Ever been reading the surf report and seen the swell being referred to as a windswell or a groundswell and not really known what that meant? Me too. I looked it up.
Think of local, surface action for windswells. Windswells are swells created by regional winds on the relative surface of the ocean. (Think globally though, so regional is within a few hundred miles of your break.) Typically the periods are short for windswells, less than 10 seconds between peaks. Energy from windswell waves tends to dissapate quickly (the lower levels of the ocean absorb the swell from the surface), so they can’t travel too far. (Again, globally speaking.) But the good news for surfers is that windswell waves usually come to shore in consistent sets.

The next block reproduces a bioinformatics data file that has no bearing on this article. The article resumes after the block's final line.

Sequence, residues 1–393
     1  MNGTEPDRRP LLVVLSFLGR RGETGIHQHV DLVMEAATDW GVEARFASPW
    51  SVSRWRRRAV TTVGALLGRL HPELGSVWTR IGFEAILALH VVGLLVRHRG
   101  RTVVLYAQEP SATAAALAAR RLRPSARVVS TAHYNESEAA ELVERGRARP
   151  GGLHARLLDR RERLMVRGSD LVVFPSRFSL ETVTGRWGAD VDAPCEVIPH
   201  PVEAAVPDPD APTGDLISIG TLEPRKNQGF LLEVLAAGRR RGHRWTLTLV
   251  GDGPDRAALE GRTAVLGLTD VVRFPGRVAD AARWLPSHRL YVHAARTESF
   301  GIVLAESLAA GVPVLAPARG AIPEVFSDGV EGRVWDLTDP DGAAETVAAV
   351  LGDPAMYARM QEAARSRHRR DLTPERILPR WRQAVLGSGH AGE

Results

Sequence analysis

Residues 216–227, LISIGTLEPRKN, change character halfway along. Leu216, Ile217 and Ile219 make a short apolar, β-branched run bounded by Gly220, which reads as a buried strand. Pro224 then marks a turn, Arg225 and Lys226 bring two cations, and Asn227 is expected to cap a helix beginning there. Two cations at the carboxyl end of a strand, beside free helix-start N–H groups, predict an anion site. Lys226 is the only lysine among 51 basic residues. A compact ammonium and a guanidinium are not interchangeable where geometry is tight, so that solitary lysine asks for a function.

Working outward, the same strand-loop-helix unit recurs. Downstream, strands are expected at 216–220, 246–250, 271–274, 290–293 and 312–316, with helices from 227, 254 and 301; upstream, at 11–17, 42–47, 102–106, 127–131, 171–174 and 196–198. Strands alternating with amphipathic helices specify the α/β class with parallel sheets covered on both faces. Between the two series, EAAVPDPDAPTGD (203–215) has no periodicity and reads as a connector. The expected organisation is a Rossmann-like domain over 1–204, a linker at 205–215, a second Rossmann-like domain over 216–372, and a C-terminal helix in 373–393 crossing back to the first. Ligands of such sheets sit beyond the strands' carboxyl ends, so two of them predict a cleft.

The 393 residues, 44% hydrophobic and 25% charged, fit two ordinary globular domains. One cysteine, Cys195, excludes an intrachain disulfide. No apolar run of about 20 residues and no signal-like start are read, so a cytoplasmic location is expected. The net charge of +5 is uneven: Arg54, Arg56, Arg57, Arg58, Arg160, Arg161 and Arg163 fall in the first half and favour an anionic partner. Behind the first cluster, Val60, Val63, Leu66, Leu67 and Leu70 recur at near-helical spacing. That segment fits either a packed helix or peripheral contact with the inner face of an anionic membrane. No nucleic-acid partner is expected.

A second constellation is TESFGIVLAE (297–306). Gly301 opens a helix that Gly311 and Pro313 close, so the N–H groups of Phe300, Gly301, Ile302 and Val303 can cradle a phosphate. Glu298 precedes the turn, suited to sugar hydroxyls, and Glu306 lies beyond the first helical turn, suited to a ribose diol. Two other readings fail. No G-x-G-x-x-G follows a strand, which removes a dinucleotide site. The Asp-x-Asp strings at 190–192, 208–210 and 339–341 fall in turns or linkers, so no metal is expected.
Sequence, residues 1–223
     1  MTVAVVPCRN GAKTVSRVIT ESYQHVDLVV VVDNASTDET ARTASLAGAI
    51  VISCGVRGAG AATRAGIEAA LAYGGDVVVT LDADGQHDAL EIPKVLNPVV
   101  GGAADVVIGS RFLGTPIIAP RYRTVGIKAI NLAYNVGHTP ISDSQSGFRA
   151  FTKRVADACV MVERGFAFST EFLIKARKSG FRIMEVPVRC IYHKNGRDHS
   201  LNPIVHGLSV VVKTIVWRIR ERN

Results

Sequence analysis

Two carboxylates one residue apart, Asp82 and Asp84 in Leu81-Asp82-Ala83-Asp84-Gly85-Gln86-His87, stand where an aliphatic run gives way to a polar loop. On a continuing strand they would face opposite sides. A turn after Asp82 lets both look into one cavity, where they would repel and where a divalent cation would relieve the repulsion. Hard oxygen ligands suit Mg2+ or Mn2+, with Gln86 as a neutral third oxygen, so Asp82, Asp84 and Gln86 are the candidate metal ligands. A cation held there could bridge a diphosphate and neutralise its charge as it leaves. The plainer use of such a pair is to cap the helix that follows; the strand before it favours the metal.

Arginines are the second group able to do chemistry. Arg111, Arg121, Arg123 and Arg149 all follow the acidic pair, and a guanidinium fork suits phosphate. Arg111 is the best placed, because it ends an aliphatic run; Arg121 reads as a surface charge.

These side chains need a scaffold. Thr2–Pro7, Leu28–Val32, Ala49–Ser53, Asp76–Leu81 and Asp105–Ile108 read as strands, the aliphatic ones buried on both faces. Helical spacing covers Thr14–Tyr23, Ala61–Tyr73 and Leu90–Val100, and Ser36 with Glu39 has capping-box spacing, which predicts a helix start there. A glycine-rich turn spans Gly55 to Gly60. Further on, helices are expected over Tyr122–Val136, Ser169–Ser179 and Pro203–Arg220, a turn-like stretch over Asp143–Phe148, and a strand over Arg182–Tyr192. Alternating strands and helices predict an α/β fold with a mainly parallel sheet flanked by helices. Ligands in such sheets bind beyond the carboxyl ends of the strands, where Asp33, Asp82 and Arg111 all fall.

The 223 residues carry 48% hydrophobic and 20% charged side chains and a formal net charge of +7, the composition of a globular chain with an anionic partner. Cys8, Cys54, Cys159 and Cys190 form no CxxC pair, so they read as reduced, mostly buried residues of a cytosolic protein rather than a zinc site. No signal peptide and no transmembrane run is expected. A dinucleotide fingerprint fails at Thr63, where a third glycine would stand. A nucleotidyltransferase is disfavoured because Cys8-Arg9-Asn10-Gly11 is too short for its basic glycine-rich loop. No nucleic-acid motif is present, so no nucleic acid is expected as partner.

Groundswells are more like successful windswells that beat the odds to travel the world. Groundswells often start as windswells, but rather than dissipate, they build and spread. They can travel much farther and last much longer than their wind bretheren. More and more energy transfers deeper into the ocean which translate into longer wave periods (for better travel). Due to the depths the groundswell can reach, often the energy of the wave will be reflected off the ground and amplifies the wave as it moves into shallower water.
So, what to take away from this? Generally if a groundswell is noted, you might expect more energy from the waves. If it’s windswell, chances are the sets will be more consistant. But like all bits from a forecast/report (tide, swell direction,…) it’s only a piece of a much larger pie that plays into what the waves are going to be like.